WHEN does a drop become a torrent? When do we reach critical mass in the great game of golf’s angels and demons? With each week, the PGA Tour seems to absorb increasingly difficult lessons about what it means to no longer be the biggest boy on the court. Few will have been deadlier than this, and within that, we may eventually trace the most concussive point of this Civil War to 6:07 p.m. Wednesday.
There were no surprises in LIV Golf’s confirmation that they had signed Brooks Koepka – it was widely reported earlier in the week – but it was Machiavellian thoroughness in how the message was timed. which seemed significant. That’s because he came minutes after Jay Monahan, the PGA Tour commissioner, took his place at a press conference to announce his countermeasures against a “foreign monarchy that spends billions of dollars to buy golf”.
Greg Norman’s Rebels had waited up to their necks for Monahan to explain his plans before pressing the button to send, and suddenly they celebrated that a massive name had jumped into the Saudi abyss (the number of Koepka was around $100 million, if you must know).
To say the gloves came out with the timing of their release would be to forget that they were ditched for knives, swords, maces, and axes by both sides weeks ago. The real impact of the maneuver was that it fell just as Monahan was playing a trump card, which was the money splash.
The key here is that Koepka almost certainly knew more money was heading to the PGA Tour. He had spoken to Monahan as recently as Monday and it should be noted that they are friendly enough that the PGA boss attended the former world No.1’s wedding less than three weeks ago.
For that reason, it would be naïve to think that Koepka had no advance warning of what would be discussed with 100 PGA members at a meeting on Tuesday – that the Tour is pumping an additional $54 million into prize funds for eight events and plans to launch a vast amount more to a fall series that looks suspiciously like the LIV formula.
With all of that in mind, and despite previous assurances, Koepka opted to leave anyway, without even letting Monahan know it was a signed deal.
If it was brutally cold, that also played a bit to a point Monahan made in his opening remarks: “If this is an arms race and if the only weapons here are tickets to a dollar, the PGA Tour cannot compete.” He tried to fight the money with money and a tone of righteousness and succeeded in record time in proving his own argument that such battles with the Saudis are foolishly waged.
Which brings us back to critical mass. How many defectors are enough to tip the balance? When does LIV win? Arguably one answer to that is that they won’t do it without Tiger Woods or Rory McIlroy, or at least some combination of Justin Thomas, Scottie Scheffler, Jon Rahm, Jordan Spieth or a few select others who might be considered the biggest names in golf. Norman’s task will be immensely more difficult if LIV does not succeed in the political fight to be eligible for the majors from 2023 – without this platform, their men of immense wealth will wither away in competitive irrelevance.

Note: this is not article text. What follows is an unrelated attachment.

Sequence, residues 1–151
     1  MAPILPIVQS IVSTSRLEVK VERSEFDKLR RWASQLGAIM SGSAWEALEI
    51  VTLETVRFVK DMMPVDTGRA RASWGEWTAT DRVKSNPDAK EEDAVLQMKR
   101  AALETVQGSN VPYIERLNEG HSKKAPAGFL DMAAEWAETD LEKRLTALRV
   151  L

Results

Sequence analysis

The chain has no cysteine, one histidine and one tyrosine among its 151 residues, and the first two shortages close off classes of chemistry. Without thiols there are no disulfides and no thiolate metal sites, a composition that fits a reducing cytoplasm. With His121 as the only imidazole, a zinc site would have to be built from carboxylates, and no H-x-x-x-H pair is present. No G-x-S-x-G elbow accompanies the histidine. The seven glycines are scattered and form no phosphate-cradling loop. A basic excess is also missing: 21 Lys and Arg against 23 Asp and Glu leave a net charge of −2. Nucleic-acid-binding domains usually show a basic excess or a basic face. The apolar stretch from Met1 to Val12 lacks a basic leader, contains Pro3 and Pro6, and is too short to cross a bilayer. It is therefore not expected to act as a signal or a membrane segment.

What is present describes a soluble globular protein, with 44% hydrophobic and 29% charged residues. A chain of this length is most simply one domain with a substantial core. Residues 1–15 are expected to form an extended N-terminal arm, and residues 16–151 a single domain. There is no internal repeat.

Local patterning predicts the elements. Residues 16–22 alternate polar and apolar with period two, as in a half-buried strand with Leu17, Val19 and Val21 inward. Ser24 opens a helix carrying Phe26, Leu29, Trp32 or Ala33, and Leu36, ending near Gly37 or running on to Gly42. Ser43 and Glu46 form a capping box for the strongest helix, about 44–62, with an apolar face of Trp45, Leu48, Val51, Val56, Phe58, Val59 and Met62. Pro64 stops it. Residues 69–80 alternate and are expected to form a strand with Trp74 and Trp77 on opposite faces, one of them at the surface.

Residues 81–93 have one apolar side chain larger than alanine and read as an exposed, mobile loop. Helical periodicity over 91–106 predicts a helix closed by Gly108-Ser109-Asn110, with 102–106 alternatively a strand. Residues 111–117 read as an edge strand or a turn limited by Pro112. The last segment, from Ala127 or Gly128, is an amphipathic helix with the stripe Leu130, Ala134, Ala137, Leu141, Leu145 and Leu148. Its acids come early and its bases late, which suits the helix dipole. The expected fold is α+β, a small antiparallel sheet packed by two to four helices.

But maybe a better question here is has the PGA Tour ever lost? Time will tell what happens around the huge unknowns of the majors and the Ryder Cup, and indeed the longer-term position of the DP World Tour beyond Friday’s sanctions, but there is no doubt that Koepka leaves a terrible hole and that the PGA Tour takes on critical water volumes.
That first LIV field at Centurion was laughable, in its own way, given some of the names that made up the numbers. But it’s a serious group playing in Portland at the end of the month – in addition to Phil Mickelson, Dustin Johnson, Louis Oosthuizen, Charl Schwartzel, Sergio Garcia and the others, they now have Koepka, Bryson DeChambeau, Patrick Reed and Abraham Ancer. In other words, LIV Golf players have represented nine of the last 21 major tournaments.
Whether many golf fans will want to watch their LIV exhibit series is up for debate. What can be said with much more certainty is that the PGA Tour, for all its competitive and historic legitimacy, cannot afford to lose many more star attractions.
DO FANS CARE ABOUT SAUDI SPORTSWASHING?
ANTHONY JOSHUA and Oleksandr Usyk posed for the cameras during a promotional tour in Saudi Arabia this week. It brought to mind some of the awkward questions we asked Joshua about sports washing ahead of his Andy Ruiz rematch there in 2019, and from there you wonder if those topics, worthy as they are , move the dial for many fans of a given. sport. I discussed this the other day with a prominent boxing figure who said, “If bettors don’t give a damn about Daniel Kinahan and everything that happened there, why do you think that they would give two s*** about that?’ Depressing but probably true.
SERENA STILL THE QUEEN OF SW19
SERENA WILLIAMS is back and the All England Club’s tears of joy must have threatened the prospect of playing for much of Wimbledon’s first week. Thirteen different women have won singles at 20 Grand Slams since Williams last won one, in 2017, and as a quick quiz, try to name seven of them. Strong competition is the essence of sport and the Women’s tennis has it in abundance, but even at 40, and without playing a serious match in a year, Williams will be a street’s biggest draw.
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Saudis may not need many more defectors to win Gulf’s bitter civil war
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